On September 19, 2023, the first Tibet Forum on the Consciousness of the Chinese Community was inaugurated in Lhasa, Tibet, with the stated goal of "Casting the Chinese Soul and Creating a Model Area." it's crucial to examine the objectives and implications of this forum in a broader context.
The forum was organized and sponsored by the Committee of the Tibet Autonomous Region of the Communist Party of China and the People's Government of the Tibet Autonomous Region. This fact highlights the heavy involvement of the Chinese government in shaping the discourse on the "Consciousness of the Chinese Community." Given the Chinese government's history of tight control over information and narratives, it is crucial to consider for propaganda and censorship within such an event.
It is essential to recognize that Tibet has a distinct cultural and ethnic identity, and efforts to impose a uniform "Chinese consciousness" risk erasing this uniqueness and further marginalizing Tibetan voices.
While the stated theme of the forum, "Casting the Chinese Soul and Creating a Model Area," may sound positive on the surface, it's essential to question what this theme truly represents. Is it about cultural exchange and mutual understanding, or is it an effort to further assimilate Tibetan culture into the broader Chinese identity? The wording of the theme desire to mold Tibet into a particular Chinese image.
The fact that high-ranking government officials delivered speeches at the opening ceremony, including Duan Yijun of the National Ethnic Affairs Commission and Wang Junzheng, the Secretary of the Party Committee of the Tibet Autonomous Region, underscores the political nature of the event. Such speeches are to reflect the official party line, and they not fully represent the diverse views and concerns of Tibetans and other ethnic groups in the region.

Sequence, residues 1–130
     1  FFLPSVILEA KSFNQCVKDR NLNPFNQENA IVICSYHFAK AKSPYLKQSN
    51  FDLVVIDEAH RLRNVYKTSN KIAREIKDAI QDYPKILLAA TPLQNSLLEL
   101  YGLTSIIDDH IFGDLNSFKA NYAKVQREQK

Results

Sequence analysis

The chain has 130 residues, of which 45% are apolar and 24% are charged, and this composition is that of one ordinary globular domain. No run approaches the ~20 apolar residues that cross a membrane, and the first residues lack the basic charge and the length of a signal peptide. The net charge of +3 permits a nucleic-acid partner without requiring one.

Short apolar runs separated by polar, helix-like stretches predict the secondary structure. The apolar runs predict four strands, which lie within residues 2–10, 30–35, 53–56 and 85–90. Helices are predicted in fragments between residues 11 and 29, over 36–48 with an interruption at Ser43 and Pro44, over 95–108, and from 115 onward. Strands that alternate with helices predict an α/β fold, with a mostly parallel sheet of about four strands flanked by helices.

A Chinese Nation Community Consciousness Building Research Center has been inaugurated in occupied Tibet. The center, which is located in the regional capital of Lhasa, is aimed at promoting what the Chinese Communist Party calls "national consciousness" among the Tibetan people.
According to state media reports, the center will research how to promote a sense of "community consciousness" among Tibetans, focusing on promoting the Chinese government's policies in the region. The center will also organize training programs for Tibetan officials and intellectuals on how to promote these policies effectively.
Shortly after the annexation of Tibet by the People’s Liberation Army, the Communist Government in Beijing began to tighten its grip over the region. Over the decades, China has used economic development as a plank, and attempted to transfer large number of Han Chinese people into Tibet, and combined this with suppression of elements of Tibetan culture and religion. Scholars term this process as ‘Sinicization’ whereas Tibetan groups prefer calling it a ‘cultural genocide’.
This is part of CCP's official attempts to Sinicize Tibetan Buddhism, culture, education and traditions. In December 2022, Chinese official Wang Junzheng emphasized the importance of continuing the sinicization of Buddhism in Tibet and expanding the "Three Consciousness" educational activities in the region. Speaking at a meeting in Lhasa, Junzheng urged officials to strengthen their efforts to consolidate and expand the campaign, which seeks to teach Tibetan Buddhist monks and nuns about national consciousness, citizen consciousness, and rule of law consciousness.
According to Bitter Winter's article, the campaign, which began in May 2022, is seen as a response to the growing success of the Tibetan non-violent resistance movement. The CCP is concerned that Tibetan religious figures may be supporting the movement and encouraging resistance to Chinese rule in the region.
Tibetan religious figures have been subjected to re-education programs before, but this campaign is seen as more extreme. Monks and nuns are being asked to renounce and condemn traditional Tibetan Buddhist practices, including Tsethar, the practice of releasing animals from captivity, and Saka Dawa, a holy month of fasting and abstaining from meat.
Many Tibetans see this campaign as an attempt to strip them of their religious and cultural identity, and force them to accept Chinese rule. Tibetan human rights groups have criticized the campaign, stating that it violates religious freedom and human rights.
While the event is described as an opportunity for "exchange of ideas" and "discussions," it is important to note that it is organized by government entities. This limit the diversity of perspectives and voices represented at the forum, excluding critical viewpoints.
It is important to remain vigilant about the implications of such events on the Tibetan culture, identity, and autonomy. The Chinese government has a history of implementing policies in Tibet that have been criticized for eroding Tibetan cultural and religious practices.
Edited and collated by Team TRC